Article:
20th February 1943

Got up at 6, - lovely clear moonlight.  At 7 – thick cloud, which remained all day.  Went in by bus.  

Went out after doing post to trace a man named Hayes, whose small holding we had not got on the records.  Found him near Brickwall Farm.  On the way back, called at Magazine Farm, and saw Blake.  I mentioned I had met his Irish milk girl.  He said he had three girls on rounds now, one only 15.  Saw the Irish girl in Park Road. 
Back to Holly Trees, and heard that Poulter was back, and was in the Castle with the Committee.  Very rushed with work, and was so busy I forgot to be scared when the siren sounded soon after 12.  It was ideal conditions for an attack, but nothing happened, and all-clear came in 10 minutes.

The Committee were in the Castle for an hour and a half, everybody trying to make the old Chairman see how bad things were.  He is determined that there shall be no public scandal.  He asked Poulter if Hull drank?  Poulter was very embarrassed, and said he did, rather.  The cool impudence of the Chairman to ask such a thing, when Hull has gone to Committee time after time, three parts drunk.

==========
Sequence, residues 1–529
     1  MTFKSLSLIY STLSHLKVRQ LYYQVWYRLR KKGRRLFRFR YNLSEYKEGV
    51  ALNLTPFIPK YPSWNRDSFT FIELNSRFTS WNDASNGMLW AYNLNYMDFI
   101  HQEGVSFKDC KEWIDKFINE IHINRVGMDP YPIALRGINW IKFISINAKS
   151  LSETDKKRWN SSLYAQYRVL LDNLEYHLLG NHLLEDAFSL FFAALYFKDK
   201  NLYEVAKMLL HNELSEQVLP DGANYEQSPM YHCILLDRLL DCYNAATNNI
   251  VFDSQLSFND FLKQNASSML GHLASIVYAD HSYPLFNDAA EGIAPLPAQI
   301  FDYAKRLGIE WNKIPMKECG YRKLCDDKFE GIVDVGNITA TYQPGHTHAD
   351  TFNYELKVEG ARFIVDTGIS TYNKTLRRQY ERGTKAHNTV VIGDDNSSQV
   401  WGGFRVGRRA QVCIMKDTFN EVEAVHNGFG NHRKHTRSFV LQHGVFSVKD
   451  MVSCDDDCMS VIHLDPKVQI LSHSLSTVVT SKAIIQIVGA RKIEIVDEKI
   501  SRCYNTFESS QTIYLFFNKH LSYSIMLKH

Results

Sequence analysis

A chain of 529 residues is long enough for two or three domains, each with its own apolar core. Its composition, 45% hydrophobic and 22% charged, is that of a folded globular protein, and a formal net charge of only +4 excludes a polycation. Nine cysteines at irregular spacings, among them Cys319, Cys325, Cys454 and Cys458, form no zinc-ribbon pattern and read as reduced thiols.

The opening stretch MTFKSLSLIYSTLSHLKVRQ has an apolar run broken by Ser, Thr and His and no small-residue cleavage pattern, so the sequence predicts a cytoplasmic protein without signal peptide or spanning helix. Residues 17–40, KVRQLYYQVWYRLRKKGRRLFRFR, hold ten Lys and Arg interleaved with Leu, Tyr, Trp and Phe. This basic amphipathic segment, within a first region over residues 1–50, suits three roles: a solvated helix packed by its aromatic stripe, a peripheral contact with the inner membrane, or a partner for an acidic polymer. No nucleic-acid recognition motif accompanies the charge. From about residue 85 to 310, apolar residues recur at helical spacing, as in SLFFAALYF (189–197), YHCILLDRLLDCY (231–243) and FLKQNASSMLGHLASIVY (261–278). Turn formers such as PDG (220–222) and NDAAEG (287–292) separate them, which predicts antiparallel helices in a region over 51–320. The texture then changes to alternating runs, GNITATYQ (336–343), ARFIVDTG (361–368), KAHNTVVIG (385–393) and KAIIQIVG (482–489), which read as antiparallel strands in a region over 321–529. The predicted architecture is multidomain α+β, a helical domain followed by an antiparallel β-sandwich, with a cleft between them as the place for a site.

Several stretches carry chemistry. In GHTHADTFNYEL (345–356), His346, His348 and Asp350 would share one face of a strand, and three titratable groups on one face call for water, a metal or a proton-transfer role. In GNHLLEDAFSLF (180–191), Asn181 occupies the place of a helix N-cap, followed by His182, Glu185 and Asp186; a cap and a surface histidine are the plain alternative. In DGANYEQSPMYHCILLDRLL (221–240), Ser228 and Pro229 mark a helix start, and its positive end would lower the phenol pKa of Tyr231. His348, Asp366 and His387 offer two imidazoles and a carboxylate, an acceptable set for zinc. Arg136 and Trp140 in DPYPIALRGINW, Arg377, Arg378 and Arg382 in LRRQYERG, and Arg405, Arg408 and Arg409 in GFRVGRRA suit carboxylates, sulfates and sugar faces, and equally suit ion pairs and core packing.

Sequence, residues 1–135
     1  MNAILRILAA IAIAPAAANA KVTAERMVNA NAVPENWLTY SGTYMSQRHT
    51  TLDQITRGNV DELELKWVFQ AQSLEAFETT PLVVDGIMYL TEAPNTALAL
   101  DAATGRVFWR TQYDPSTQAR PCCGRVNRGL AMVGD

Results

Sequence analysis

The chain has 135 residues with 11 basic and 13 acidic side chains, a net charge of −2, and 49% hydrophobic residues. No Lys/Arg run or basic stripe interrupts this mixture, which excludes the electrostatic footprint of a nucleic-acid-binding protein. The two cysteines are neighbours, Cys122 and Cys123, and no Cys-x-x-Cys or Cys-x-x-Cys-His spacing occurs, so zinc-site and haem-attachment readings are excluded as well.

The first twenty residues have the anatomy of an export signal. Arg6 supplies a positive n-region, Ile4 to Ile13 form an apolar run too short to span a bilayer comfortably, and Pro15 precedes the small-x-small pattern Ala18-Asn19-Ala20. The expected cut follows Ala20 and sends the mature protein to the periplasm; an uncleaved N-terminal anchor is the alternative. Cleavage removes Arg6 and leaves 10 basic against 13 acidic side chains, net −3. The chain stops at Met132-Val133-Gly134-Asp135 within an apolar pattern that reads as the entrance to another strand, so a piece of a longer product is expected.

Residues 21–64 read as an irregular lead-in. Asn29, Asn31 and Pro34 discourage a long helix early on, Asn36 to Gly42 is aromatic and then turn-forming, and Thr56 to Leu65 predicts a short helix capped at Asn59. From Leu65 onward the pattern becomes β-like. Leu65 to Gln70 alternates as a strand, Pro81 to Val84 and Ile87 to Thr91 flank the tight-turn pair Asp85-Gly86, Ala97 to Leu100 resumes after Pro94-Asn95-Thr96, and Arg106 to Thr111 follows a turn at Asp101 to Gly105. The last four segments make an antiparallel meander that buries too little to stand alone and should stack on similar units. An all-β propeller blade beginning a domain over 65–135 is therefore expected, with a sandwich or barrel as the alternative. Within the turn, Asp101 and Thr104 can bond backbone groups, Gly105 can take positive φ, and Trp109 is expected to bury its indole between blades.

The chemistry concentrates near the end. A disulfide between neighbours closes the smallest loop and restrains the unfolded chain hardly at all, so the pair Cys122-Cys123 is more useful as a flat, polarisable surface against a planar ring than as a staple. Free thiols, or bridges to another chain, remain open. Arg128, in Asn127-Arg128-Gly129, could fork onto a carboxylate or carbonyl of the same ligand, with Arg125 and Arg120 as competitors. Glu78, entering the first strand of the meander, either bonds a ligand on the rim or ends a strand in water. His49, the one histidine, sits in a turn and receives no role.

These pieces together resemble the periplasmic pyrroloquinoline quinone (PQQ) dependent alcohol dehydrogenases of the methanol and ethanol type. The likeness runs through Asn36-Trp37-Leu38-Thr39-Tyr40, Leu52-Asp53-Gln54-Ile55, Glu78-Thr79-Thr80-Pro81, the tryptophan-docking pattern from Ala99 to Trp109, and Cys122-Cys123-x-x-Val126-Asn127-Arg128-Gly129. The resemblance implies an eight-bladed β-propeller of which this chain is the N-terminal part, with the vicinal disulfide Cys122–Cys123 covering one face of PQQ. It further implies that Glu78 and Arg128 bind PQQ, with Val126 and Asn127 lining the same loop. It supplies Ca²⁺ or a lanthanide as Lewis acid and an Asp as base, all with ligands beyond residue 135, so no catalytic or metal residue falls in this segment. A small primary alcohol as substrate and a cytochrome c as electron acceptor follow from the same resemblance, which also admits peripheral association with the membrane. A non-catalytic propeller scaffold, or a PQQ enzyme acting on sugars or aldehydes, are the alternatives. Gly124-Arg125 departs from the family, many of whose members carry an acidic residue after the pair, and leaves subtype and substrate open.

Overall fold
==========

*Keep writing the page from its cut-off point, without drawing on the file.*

Poulter's voice is better than last week, and he spent the whole morning talking to the Committee, quite clear and distinct.  He said they found Hull’s office comparatively tidy, as indeed it ought to be, considering that Mrs. Hull and two of the men spent all Thursday on it.  Smallwood gave the show away, by telling Harding there was to be an inspection.  Harding told Mrs. Hull, when she called for letters.  Poor little man, how scared he must be, fast in bed, and all the time wondering if he is going to lose his job.  

This afternoon carting hay – got a quarter ton from Pulford.  Poor old Bob is getting very thin.  It will be touch and go if he lasts until the spring.  Home to tea.  Mother said that news had reached Mr. Cox that Jimmie Cox is alive and well in Singapore.  He was not heard of for a year and a week.  He is ten years older than me, but I remember him well when the Coxes lived in Old Heath Road.  His mother Nellie Cox, who died of cancer many years ago, was the daughter of old Mr. North, the first headteacher of Barrack St. School, when my Father went there in 1898.  [The Barrack Street School is now the Wilson Marriage Centre for Adult Education in Colchester]

Cycled out to Lawford, got there at 7.  Quite light, clouds clearing, and the moon beginning to show.  Dorothy Nunn was taken to Severalls last night.
Several stupid confusions this week about various kinds of permits.  Applications are received, approved, forwarded to Writtle, and the permits issued, only to be returned by the merchants as being out of date, the wrong kind, or as being issued in an irregular way.  There is no doubt that production is seriously interfered with by these absurd muddles.

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